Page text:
IRS Taps Executive to Restore Integrity in Scandal’s WakeRichard Rubin
The Internal Revenue Service has appointed David Fisher, chief financial officer of the Government Accountability Office, as a senior executive to help the tax agency recover from the controversy over its scrutiny of small-government groups.
Fisher will be charged with improving internal controls and “restoring the integrity of IRS operations,” Danny Werfel, the acting IRS commissioner, said in a statement yesterday announcing Fisher’s appointment as the agency’s chief risk officer and senior adviser.
“His role in the government financial community, bolstered by his significant achievements and his willingness to ensure the organization’s goals are served, has prepared him well to assume this position,” Werfel said. The Government Accountability Office is the nonpartisan investigative arm of Congress.
Four congressional committees and the U.S. Justice Department are investigating the IRS’s extra scrutiny of groups with “Tea Party” and “patriot” in their names when they were applying for tax-exempt status.
Already, three IRS officials have left their jobs as a result of the controversy.
Steven Miller, the former acting commissioner, was forced out of that position. Joseph Grant, who oversaw tax-exempt groups and government entities, announced his retirement eight days after being promoted.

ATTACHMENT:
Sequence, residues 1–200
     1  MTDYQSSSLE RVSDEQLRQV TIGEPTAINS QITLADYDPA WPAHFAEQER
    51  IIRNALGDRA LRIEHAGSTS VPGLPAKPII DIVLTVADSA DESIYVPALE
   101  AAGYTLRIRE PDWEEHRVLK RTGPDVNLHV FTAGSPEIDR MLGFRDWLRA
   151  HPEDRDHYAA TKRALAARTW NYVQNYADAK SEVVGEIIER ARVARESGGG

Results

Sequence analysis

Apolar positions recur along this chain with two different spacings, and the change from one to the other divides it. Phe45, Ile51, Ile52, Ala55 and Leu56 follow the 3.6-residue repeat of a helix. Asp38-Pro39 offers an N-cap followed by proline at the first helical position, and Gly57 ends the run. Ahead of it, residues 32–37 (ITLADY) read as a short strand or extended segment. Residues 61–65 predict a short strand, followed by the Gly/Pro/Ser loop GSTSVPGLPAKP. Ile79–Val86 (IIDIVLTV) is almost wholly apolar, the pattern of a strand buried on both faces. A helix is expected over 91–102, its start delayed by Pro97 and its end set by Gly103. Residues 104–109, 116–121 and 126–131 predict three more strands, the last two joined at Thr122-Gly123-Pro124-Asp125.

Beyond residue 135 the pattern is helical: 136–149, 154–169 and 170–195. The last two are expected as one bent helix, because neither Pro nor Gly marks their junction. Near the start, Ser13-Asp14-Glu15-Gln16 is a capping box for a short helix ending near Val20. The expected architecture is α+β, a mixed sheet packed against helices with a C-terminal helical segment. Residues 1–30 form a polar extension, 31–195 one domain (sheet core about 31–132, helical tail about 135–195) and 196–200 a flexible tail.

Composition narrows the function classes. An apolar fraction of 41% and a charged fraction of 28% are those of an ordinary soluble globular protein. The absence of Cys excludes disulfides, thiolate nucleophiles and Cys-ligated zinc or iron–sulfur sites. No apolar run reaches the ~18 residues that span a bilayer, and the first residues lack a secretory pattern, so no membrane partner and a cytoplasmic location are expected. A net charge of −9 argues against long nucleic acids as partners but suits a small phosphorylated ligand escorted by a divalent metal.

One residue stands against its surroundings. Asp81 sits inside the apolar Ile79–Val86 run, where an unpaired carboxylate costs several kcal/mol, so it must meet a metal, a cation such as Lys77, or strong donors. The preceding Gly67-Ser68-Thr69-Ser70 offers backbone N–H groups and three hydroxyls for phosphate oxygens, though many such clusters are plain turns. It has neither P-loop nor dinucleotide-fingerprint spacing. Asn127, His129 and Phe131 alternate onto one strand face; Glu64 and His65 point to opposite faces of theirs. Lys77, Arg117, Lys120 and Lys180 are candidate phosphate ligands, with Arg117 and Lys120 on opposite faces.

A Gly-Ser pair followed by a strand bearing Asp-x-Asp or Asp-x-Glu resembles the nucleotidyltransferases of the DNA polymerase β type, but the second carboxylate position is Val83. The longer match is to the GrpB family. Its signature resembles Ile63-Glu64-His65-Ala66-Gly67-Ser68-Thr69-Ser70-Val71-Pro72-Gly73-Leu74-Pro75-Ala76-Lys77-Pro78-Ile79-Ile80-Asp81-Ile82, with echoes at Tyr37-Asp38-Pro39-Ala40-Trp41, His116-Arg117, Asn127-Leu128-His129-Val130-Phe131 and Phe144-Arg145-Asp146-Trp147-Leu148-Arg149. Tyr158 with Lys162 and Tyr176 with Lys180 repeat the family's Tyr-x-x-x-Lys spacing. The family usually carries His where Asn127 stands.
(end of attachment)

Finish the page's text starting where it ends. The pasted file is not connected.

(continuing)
Lois Lerner, who managed the office that handled applications from tax-exempt groups, was placed on paid administrative leave May 23. She disclosed the IRS’s actions on May 10 and apologized, four days before an inspector general’s report was released.
Werfel became acting IRS commissioner on May 22. He is scheduled to make his first appearance before a congressional panel on June 3, testifying before the House Appropriations Subcommittee on Financial Services and General Government.
“It is critical to gain a clear understanding of how the IRS uses the taxpayer dollars it receives from Congress and to research how our bill can help prevent abuses like those revealed in the Treasury Inspector General for Tax Administration report from ever happening again,” Representative Ander Crenshaw, a Florida Republican and the subcommittee’s chairman, said in a statement.
The House Ways and Means Committee today announced its second hearing on the subject. Representatives from some of the groups that received extra scrutiny will testify on June 4.
“This hearing will provide a voice to those Americans who wound up under the IRS’s political microscope on the basis of their beliefs,” Representative Dave Camp, a Michigan Republican and the committee’s chairman, said in a statement.